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Trimble

  • Allows multiple 5700 ROVER units to be connected to one BASE simultaneously
  • Perform surveys in multiple locations simultaneously
  • Can connect to Survey Controller anywhere, as longs as both the controller and PC have an internet connection

Download the full technical details of this application (2.5 MB Word Document)

Trimble is a leading innovator of Global Positioning System (GPS) technology. Trimble manufactures an integrated GPS survey system called a GPS Total Station 5700. This is used in remote sites to collect survey information and the information can be automatically transmitted from a 5700 ROVER to a 5700 BASE station using an AirLink Raven II CDPD (Cellular Packet Data) Modem and a "Wireless IP" service.

AirLink is a leading provider of wireless connectivity products for remote devices enabling real-time data collection. The CDPD Raven II modem is designed for commercial applications and is the perfect choice for Telemetry, SCADA, AVL/Dispatch and Public Safety applications with its rugged industrial design. It is sometimes necessary to connect multiple 5700 ROVERS to one 5700 BASE simultaneously. The Host CDPD Modem cannot support multiple simultaneous TCP sessions. However, by using TCP-Com from TALtech as a software-based terminal server it is possible for multiple Trimble 5700 ROVERS to communicate over AirLink CDPD Modems and the Internet.

Using TCP-Com, you can attach a DGPS server such as the 5700 BASE (or any other RS232 device) to the serial port of a Windows® PC and have that data available anywhere over any TCP/IP based network - including the Internet. Given that CDPD networks are all connected to the Internet, connecting a 5700 BASE to a PC with an Internet connection running TCP-Com can make that data available to any 5700 ROVERS equipped with CDPD Modems.

TCP-Com can be described as a software based terminal server. Much like a physical terminal server, TCP-Com acts as middleware lying in-between a physical serial port and a TCP/IP network. Data that comes into the serial port is passed to connections made to the TCP side. TCP-Com can accept connections from multiple TCP clients, allowing data from a device connected to the serial port to be sent to more than one client at the same time. In this case, the clients for TCP-Com are handheld Trimble Survey Controllers with the 5700 ROVERS.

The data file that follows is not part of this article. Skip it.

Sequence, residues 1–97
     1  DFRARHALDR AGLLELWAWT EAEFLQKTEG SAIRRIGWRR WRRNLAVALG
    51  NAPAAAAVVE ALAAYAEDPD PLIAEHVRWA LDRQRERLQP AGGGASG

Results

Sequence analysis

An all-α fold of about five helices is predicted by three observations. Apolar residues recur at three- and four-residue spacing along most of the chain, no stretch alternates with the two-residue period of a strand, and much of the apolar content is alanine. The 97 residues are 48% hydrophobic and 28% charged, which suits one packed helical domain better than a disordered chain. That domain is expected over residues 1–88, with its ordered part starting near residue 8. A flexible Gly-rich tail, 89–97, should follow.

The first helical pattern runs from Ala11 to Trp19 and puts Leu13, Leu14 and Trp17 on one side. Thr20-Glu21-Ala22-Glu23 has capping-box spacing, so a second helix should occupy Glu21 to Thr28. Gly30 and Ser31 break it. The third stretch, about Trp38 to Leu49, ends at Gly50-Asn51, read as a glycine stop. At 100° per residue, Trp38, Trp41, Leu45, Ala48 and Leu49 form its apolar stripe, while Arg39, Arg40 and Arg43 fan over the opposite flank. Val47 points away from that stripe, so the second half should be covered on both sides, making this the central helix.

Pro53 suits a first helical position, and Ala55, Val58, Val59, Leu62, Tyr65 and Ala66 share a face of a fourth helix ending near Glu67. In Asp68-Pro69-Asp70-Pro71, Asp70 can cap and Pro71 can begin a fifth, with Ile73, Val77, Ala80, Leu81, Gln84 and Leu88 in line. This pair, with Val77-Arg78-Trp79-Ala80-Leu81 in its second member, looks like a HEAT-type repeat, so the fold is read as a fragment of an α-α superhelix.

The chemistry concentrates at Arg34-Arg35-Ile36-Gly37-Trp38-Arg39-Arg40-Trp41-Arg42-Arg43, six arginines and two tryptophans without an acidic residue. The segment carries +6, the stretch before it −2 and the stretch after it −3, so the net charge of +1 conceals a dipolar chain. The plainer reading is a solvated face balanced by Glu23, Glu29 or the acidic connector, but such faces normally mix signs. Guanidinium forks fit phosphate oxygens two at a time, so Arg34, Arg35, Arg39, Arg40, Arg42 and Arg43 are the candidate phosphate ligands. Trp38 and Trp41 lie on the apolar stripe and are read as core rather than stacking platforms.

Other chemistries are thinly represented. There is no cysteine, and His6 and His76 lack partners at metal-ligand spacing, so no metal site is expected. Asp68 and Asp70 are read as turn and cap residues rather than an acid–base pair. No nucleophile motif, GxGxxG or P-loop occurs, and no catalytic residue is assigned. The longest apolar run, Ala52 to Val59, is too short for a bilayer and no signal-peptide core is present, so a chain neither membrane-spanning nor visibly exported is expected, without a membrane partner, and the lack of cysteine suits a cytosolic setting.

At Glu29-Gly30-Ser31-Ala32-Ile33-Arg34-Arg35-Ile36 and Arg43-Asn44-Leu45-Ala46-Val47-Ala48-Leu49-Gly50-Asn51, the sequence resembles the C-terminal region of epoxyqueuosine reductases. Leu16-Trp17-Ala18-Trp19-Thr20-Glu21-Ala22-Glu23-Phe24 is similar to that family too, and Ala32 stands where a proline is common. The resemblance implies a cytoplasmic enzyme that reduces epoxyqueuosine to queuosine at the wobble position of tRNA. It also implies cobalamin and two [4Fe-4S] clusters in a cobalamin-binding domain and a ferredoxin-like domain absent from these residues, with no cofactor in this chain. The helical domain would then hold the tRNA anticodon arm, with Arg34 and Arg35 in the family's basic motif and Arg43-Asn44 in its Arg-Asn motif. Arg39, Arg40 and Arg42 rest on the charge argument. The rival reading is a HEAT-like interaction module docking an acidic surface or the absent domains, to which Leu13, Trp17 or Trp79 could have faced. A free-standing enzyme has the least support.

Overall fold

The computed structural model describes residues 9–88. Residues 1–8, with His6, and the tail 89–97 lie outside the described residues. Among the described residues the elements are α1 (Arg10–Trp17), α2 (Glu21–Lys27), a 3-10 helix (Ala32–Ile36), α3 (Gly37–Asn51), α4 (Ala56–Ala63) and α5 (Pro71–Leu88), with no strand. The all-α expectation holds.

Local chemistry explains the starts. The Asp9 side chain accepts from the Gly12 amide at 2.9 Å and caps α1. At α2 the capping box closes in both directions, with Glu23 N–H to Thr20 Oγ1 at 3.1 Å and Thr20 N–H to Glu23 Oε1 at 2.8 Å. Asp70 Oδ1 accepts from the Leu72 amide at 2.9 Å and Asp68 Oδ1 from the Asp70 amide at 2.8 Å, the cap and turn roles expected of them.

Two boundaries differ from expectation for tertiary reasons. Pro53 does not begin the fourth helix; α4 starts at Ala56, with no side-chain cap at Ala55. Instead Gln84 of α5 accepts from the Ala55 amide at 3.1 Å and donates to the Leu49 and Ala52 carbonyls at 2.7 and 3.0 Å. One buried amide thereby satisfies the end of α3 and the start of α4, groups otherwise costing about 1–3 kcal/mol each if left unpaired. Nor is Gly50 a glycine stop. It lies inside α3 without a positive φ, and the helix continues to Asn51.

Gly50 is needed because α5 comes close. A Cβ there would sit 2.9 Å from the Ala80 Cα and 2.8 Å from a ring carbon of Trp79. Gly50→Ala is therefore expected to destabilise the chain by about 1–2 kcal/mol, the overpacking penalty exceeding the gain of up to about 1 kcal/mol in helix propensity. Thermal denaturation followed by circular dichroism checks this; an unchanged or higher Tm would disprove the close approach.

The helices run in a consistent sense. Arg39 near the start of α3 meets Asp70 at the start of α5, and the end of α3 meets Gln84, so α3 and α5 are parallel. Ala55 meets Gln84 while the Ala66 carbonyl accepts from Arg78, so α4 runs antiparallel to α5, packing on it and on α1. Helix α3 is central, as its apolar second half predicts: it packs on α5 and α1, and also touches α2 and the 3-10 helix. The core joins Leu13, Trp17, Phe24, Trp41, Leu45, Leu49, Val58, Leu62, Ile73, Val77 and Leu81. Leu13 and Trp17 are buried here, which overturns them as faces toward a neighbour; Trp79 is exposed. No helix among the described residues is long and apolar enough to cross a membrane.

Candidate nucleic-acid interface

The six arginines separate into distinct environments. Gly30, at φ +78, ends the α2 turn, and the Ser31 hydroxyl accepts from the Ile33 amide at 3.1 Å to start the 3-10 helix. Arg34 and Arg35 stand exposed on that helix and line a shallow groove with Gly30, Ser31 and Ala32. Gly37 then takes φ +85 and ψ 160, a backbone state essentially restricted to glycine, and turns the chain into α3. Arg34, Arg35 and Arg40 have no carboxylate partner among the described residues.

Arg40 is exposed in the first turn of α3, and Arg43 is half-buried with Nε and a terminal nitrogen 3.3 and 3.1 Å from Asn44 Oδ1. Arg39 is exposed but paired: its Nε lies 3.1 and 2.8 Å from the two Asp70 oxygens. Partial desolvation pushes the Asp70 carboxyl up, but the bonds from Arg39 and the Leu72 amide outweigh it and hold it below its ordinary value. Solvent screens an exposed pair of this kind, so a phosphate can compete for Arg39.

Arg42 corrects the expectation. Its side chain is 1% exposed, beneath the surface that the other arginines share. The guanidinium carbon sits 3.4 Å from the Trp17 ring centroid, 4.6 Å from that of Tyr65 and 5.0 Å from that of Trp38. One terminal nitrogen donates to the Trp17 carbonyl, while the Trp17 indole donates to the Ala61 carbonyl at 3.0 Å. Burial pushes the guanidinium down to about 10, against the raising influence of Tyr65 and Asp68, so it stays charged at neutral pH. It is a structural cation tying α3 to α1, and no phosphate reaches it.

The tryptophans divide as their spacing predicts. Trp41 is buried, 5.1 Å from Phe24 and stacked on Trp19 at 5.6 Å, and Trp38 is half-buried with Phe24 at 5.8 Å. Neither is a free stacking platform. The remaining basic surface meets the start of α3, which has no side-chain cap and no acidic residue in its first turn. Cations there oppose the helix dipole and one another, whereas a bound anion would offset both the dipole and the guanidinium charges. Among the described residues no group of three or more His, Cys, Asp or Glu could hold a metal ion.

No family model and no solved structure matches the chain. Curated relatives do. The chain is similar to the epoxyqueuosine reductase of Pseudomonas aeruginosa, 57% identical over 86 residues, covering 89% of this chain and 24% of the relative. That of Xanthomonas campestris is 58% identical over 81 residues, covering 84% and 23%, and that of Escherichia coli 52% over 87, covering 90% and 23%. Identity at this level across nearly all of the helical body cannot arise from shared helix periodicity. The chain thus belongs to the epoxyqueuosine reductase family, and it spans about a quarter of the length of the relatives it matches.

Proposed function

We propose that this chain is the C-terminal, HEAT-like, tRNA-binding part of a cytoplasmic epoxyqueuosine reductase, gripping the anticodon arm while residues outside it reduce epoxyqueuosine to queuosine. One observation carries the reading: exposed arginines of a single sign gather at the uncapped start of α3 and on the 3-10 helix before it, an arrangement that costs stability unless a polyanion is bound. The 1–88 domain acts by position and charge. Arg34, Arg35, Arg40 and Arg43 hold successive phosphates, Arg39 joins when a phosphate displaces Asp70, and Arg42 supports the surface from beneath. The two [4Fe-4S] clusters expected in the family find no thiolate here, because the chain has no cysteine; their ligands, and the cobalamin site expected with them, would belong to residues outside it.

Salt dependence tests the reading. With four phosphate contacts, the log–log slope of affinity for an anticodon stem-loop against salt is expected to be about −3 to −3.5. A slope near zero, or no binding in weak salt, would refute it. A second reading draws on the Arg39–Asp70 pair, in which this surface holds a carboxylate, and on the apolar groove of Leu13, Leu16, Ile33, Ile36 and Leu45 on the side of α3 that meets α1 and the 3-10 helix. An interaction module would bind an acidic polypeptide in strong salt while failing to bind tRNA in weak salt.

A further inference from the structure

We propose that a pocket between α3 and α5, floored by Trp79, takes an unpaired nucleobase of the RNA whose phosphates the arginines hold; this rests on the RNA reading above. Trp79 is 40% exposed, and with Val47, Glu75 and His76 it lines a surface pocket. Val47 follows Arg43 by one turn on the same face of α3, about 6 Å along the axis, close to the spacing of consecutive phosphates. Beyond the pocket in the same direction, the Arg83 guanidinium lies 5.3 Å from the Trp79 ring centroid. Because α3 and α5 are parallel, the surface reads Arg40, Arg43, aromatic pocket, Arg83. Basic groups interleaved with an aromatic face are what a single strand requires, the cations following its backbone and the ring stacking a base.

TCP-Com Set Up

TCP-Com is set up with the serial port settings matching those of the 5700 BASE. It is set up as a TCP Server with the IP address as the Public IP Address. The TCP port can be set to any number. It is also set up to allow multiple client connections to allow multiple ROVERS to connect to a single BASE. Then the setting to send inbound serial data to all TCP/IP clients is selected as this is the key to distributing the RS232 data from the 5700 BASE to every 5700 ROVER. Once TCP-Com is activated it is then possible to connect to it from anywhere on the CDPD network or the Internet. As soon as a successful connection is made from any remote ROVER via CDPD this is displayed in TCP-Com.

5700 ROVER Connection via CDPD to TCP-Com

The ROVER controller should be configured using a cellular modem, however instead of dialing a phone number it dials an IP address and TCP Port - specifically those of the TCP-Com server, i.e., 166.148.11.123/12345 where the first part is the IP address followed by a "/" and the port number (here 12345)
Once the ROVER survey controller is started it is necessary to set the ROVER radio as a Cellular Modem (under "Radio Type").

5700 BASE is just set up to communicate with the PC running TCP-com via its RS232 connection. Once connected, the 5700 BASE will be transmitting data into the serial port of the PC. TCP-Com will listen on the Com Port for the data, taking it and passing it into the TCP stack. The data is then made available to any ROVER making a TCP connection to the TCP-Com server. Once the Trimble Survey Controller at the 5700 BASE is powered up the survey can be started and data will be sent to the TCP-Com server. Then all the Trimble Survey Controllers with the 5700 ROVERS can be powered up to communicate via the ROVER CDPD Modem. Once the survey is started the TCP-Com server is dialed as described above and the connection is made. Once connected, data will be passing from out of the PC (running TCP-Com) over the TCP connection to the ROVERs. Each ROVER will indicate on its screen that it is in fact receiving data from the BASE. At this point, any of the survey operations can be performed.

Conclusion

The combination of the Trimble GPS Total Station 5700, an AirLink Raven II CDPD Modem and TCP-Com allows survey information to be collected in real-time from many remote survey sites.

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